Standardized Testing: Measurement of Academic Achievement

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According to Albert Einstein, Everybody is a genius. But if you judge a fish by its ability to climb a tree, it will live its whole life believing that it is stupid. This is exactly the case with standardized testing, a method of consistent multiple-choice testing that is the same throughout, including the time allowed to take the test and the questions on the test (Burrows 1).

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The No Child Left Behind Act (NCLB) of 2002 requires all U.S. government-owned schools to administer annual standardized testing to measure the academic progress of all of their students (Chubb 10). The U.S. is the only highly developed nation that requires schools owned federally to complete numerous standardized tests yearly (How Standardized Testing Damages Education 2). The belief of the government, school faculty, and the public is that standardized testing allows a thorough examination of future collegiate success, evaluation of teachers, and assessment of school achievement. But, in fact, standardized testing is negatively impacting the quality of education, is remarkably biased, and is an outrageously ineffective way to appraise student and teacher achievement.

The pressures on schools to perform fittingly on state-mandated tests are being forced to teach to the test through low-quality curriculum and test prep rather than having students think analytically and creatively throughout their primary and secondary education (Chubb 9). For example, students have a pressure placed on them to perform satisfactorily on the SAT to get accepted into their college of choice (Moore et al. 49). This causes many students to spend undue amounts of time preparing for the test through Pre-SATs, test preparatory courses, and study booklets and in turn, drives students away from their regular schoolwork to prepare for these tests (Moore at al. 49). Alexia Garcia, a 2013 graduate of Lincoln High School in Portland, Oregon says [Testing] felt really irrelevant and disconnected from what we were doing in class (Rizga 40). Multiple choice tests are efficient for scoring hundreds of tests at one time through robots, which causes most administrators of standardized tests leave open-ended or extended response questions nonexistent which require critical thinking because they require human readers(The Room 241 Team 1). The consistent multiple choice questions on standardized tests cause poor assessment of students’ ability. Additionally, less time is being spent on the sciences, social studies, and the arts to prepare students to take the tests in math, reading and writing (The Room 241 Team 1).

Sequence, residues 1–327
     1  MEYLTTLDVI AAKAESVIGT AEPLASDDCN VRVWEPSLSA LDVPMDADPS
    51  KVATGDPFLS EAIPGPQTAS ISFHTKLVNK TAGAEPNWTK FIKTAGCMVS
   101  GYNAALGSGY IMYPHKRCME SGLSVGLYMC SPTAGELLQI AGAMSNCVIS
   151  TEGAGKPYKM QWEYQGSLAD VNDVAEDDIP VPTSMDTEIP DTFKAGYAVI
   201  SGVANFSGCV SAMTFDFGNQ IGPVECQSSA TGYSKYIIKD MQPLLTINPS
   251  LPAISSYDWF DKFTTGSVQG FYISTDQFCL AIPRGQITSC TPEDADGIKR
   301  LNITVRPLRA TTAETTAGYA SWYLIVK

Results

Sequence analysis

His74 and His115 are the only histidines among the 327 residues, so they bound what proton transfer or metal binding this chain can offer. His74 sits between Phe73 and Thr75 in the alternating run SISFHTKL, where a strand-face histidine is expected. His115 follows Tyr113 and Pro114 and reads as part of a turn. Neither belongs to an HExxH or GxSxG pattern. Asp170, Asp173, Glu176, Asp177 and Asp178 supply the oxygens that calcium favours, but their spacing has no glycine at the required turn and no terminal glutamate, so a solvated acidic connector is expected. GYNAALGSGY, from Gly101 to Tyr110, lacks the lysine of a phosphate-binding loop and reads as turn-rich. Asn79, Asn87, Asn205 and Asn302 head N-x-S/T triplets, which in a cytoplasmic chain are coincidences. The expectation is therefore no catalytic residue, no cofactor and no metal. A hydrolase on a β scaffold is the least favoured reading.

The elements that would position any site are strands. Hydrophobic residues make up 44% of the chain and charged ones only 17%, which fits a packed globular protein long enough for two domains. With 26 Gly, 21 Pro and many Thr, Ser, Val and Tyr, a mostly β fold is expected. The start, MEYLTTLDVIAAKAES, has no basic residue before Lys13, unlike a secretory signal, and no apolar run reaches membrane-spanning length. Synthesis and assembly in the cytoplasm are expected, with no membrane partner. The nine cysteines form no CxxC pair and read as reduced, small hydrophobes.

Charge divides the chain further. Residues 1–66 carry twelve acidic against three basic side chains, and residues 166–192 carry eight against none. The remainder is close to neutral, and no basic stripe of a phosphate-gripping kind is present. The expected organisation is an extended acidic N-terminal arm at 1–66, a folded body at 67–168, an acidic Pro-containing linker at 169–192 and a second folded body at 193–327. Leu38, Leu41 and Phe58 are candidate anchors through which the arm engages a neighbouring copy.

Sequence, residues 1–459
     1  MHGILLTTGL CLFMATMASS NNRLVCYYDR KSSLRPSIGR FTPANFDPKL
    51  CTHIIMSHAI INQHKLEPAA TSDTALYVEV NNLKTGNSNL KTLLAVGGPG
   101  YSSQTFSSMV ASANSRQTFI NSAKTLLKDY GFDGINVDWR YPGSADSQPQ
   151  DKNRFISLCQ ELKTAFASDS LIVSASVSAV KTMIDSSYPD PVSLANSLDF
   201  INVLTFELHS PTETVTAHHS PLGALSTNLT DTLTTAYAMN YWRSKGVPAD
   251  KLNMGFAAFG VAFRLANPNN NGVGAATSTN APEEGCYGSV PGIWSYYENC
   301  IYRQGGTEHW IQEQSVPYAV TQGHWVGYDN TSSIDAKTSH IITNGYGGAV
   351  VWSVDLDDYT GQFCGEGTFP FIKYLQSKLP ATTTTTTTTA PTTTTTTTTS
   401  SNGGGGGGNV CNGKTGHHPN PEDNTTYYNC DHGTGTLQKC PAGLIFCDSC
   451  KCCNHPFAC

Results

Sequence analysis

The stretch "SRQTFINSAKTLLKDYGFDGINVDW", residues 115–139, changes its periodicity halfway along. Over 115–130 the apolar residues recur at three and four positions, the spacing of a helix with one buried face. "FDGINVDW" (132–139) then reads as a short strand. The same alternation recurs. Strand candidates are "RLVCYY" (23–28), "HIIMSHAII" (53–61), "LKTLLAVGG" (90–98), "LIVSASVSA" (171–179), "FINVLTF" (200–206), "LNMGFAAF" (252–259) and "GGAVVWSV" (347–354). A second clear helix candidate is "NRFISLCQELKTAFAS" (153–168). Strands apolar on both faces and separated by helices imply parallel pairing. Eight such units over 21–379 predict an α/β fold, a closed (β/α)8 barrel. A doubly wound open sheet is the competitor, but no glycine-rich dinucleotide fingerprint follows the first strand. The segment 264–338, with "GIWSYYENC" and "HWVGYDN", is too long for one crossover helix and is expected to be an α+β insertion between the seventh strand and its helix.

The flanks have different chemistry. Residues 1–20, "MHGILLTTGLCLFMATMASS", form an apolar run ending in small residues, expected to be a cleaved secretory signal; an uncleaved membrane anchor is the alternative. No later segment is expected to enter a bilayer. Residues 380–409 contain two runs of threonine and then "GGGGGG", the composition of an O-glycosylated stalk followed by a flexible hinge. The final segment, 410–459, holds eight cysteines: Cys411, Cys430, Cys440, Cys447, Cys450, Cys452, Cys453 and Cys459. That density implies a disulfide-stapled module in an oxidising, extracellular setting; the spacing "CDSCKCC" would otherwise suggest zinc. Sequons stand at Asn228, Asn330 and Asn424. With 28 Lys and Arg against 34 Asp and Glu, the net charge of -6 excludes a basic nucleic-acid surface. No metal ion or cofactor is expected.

Minorities, English-learners, and low-income students suffer the most from these state-mandated practices, and, consequently, they are all more likely to be denied a diploma, be placed in remedial programs, or be forced to be held back in their grade (How Standardized Testing Damages Education 1). For this reason, standardized testing remains intensely biased towards the English-speaking, white middle class.

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